Ethiopian Scrapbook--page 5

Here is one more page of my adventure in Ethiopia, labeled Abounding:

page 5--Abounding 


One of the most disturbing things to me while I was in Ethiopia was how the street kids in the big city of Addis Ababa would come up and tap on our bus windows and beg for food or money (or anything!). One afternoon, we were surrounded by these children, but we couldn't hand anything out due to the dusruption it would have caused amongst them. My heart ached as I just sat there and I watched these desperate children at my window. I wrestled with this unsettling question: Why am I on the inside of the bus? And: Why am I not the one out there tapping on the window? I took this thought to bed with me that night, and woke up to it the next morning. In my quiet time, the Lord began to answer my searching heart in His word: ...for I have learned , in whatsoever state I am...to be content. I know how to be abased and I know how to abound: everywhere and in all things I am instructed both to be full and to be hungry, both to abound and to suffer need. I can do all things through Christ which strengthens me. (Phil. 4:11-13). So that's it? It's okay that they are the ones suffering need, and I'm the one who is full? We are to be content with our lot that is handed us?  Hmmm....I kept reading in Philippians, and was struck by Paul's words only a few verses later: But I have all, and abound: I am full, having received...the things which were sent from you, an odour of a sweet smell, a sacrifice acceptable, well-pleasing to God. (Phil 4:18).  Ahh, I see...God uses His people to pull the suffering and needy "into the privileged bus", so that they too, may abound.
     Interestingly, the same day that I read these verses, we were traveling to our next destination out in the countryside. Our bus made a pit stop at a hotel for all those who needed to go to the bathroom (and yes, "a pit" is what we got...just a hole in the ground for us ladies). Outside this hotel, was yet one more young boy who lived on the streets. We asked about him, and invited him to spend the day with us so he could get a meal and receive some TLC. So...Tadaluu got into the bus. The whole afternoon, he watched us quietly and received love gratefully. When it was time for him to go home (?), he said he had nowhere to go. He didn't want to take our money because he knew he would be beaten by others. His parents were both dead. And he said of his remaining uncle, Why would he come look for me when he has already forgotten me? Our leaders, Kelly and Shane Putty, with the help of Bissy, a Christian Ethiopian who is wise in situations such as this, decided to call Hope 4 the Hopeless (mentioned in my last post). By God's design, one remaining bed was open at this shelter. I had the privilege of holding Tadaluu in my arms on the bus for two hours as we traveled to the shelter...all the while, I prayed for him: that he would find rest, that he would adjust well, that he would not be afraid, that he would someday be a mighty man of God who would spread the gospel in Ethiopia, and that he would come full circle and rescue kids off the street.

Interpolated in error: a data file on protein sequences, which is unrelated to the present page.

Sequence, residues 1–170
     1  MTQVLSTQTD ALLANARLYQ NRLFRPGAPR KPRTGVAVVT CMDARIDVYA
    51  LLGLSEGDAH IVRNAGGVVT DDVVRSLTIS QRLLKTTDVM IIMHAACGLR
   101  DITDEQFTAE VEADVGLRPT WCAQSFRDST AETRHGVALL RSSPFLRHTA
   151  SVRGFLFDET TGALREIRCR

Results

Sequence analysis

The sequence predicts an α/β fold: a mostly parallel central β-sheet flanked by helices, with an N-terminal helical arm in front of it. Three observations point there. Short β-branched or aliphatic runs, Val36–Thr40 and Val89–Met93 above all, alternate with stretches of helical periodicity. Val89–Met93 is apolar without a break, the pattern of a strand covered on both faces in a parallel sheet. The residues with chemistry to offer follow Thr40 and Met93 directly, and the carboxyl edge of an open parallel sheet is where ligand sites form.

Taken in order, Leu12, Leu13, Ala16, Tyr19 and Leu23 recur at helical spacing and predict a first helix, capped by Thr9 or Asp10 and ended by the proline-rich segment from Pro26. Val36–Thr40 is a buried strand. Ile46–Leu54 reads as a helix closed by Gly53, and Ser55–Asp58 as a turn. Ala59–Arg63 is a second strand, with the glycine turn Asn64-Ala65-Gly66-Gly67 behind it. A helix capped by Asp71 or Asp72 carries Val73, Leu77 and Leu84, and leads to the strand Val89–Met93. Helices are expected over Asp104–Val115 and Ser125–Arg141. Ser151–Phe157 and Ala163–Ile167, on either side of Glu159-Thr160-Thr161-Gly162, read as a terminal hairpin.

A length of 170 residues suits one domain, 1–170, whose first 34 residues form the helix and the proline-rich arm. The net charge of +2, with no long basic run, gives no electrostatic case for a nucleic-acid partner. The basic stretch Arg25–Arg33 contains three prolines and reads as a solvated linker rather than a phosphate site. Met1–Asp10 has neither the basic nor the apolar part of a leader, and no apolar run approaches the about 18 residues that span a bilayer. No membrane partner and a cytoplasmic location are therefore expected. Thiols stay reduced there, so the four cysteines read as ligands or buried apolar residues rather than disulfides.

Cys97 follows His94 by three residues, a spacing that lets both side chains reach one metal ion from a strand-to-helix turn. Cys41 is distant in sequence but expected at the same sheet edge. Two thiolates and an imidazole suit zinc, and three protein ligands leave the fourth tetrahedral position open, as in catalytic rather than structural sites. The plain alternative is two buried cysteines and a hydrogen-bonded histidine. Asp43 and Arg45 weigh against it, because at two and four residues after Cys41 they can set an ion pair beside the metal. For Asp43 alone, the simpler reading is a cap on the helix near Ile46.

That evening, we dropped him off at his new home; he was warmly received, and was shown to his room which he shared with another young boy who was also saved from street-living. Tadaluu had a bed for the first time in who knows how long. He was safe, secure, abounding in Jesus' love.
   The next day we saw him, and the transformation in just 24 hours  was remarkable. I am so thankful that God used us, His people, to pull Tadaluu into the bus.  It must be our business to do our Father's business: to reach outside...both spiritually and physically...one individual at a time and bring the needy and suffering into His love.  Through Christ we can be abased, and through Christ, we can abound.

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